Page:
Today is Giving Tuesday, ‘a day set aside for people to shun commercialism and support good causes’. 

By no coincidence, it is also the day on which St Mary’s Music School has opted to release a short animated film supporting the message: ‘Whatever the Season … please support St Mary’s Music School.’  

It’s rather charming, and you can view it HERE.

Mixed motives

The film is at one level an effort to raise money for St Mary’s Bursary Fund, which, along with Scottish Government funding, pays for the majority of its 77 musically gifted students to benefit from specialist education. St Mary’s is keen to point out that it is open to all talented individuals, regardless of financial means.

At another level, the film is the latest salvo in a cannily conceived and well-executed barrage of public relations advancing St Mary’s claim on the old Royal High School as the site for a new campus and public performance venue. 

St Mary’s already has planning permission for a mixture of preservation, refurbishment and development here, but Duddingston House Properties and the Urbanist Group have first option on an alternative commercial use of the site as a 6-star luxury hotel with jug ‘ears’. The latters two unsuccessful applications for this are currently the subject of appeals to the Scottish Government.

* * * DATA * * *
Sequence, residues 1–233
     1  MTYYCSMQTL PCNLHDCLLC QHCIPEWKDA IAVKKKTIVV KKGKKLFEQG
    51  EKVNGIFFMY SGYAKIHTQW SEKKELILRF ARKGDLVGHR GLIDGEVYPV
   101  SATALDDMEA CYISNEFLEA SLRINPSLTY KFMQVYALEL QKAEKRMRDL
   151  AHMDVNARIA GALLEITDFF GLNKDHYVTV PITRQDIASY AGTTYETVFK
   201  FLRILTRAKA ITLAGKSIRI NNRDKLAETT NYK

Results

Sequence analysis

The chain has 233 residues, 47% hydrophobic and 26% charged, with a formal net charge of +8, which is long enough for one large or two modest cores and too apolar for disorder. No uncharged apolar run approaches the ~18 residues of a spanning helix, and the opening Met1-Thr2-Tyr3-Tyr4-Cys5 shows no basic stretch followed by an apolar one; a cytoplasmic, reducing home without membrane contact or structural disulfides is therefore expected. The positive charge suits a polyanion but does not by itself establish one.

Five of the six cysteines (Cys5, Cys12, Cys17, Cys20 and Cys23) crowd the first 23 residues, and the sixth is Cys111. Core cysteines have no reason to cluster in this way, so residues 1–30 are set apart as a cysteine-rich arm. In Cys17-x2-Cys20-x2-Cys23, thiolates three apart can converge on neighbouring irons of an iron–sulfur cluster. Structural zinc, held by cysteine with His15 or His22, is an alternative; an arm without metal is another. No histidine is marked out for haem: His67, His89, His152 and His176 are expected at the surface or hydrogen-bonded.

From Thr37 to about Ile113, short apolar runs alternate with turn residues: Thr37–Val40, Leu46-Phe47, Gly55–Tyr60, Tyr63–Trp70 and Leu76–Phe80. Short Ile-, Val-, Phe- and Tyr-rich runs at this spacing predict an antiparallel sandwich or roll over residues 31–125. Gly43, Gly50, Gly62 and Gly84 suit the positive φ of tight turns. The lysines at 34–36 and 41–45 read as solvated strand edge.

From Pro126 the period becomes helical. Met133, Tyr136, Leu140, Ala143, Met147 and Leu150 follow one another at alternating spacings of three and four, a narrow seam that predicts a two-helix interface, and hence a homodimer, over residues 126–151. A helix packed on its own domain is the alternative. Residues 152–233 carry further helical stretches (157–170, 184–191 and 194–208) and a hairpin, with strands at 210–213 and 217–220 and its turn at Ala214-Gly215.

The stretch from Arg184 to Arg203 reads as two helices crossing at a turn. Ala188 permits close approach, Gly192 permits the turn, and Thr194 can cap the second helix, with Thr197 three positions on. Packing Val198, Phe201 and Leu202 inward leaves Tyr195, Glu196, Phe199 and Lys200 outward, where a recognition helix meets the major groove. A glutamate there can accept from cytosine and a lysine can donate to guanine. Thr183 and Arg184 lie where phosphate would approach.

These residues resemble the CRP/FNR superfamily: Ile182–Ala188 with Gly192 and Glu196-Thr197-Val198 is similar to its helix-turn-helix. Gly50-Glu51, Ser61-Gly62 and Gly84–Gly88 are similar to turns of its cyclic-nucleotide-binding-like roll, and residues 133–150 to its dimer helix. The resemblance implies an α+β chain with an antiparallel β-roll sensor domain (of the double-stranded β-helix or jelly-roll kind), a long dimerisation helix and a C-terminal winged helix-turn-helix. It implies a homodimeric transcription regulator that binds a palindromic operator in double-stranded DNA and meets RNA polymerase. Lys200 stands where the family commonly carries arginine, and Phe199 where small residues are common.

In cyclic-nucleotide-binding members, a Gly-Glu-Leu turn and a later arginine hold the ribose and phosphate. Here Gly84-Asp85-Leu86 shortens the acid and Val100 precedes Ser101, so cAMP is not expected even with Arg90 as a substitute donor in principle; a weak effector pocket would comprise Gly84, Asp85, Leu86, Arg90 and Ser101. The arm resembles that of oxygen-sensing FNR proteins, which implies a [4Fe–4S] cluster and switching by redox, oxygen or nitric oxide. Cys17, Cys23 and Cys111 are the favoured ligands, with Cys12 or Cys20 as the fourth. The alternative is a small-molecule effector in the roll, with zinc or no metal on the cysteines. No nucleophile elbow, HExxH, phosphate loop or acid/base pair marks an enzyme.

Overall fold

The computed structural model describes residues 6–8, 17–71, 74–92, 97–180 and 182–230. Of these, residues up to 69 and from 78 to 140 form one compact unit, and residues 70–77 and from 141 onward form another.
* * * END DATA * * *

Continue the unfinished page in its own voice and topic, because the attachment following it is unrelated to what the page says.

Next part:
Public relations, persuasiveness, the cultural mood music are important now and will become increasingly so as the rival visions are evaluated not only by Planning professionals but politicians. Spurtle will gladly report DHP and UGs charm offensive as and when we become aware of it.

Talented and creative

For the record, the animation released today features a performance of Vivaldi’s Four Seasons ‘Winter’ Largo by St Mary’s students, particularly former pupil Emma Baird, who is now at the Royal Academy of Music in London.

The animation, by Scott McHenry, is based on a painting of the school by Colin Povey (below), which situates the structure at the heart of a broader, interconnected and uninterrupted complex of monumental structures and urban greenery.

For previous Spurtle coverage of the old Royal High School debacle, START HERE.


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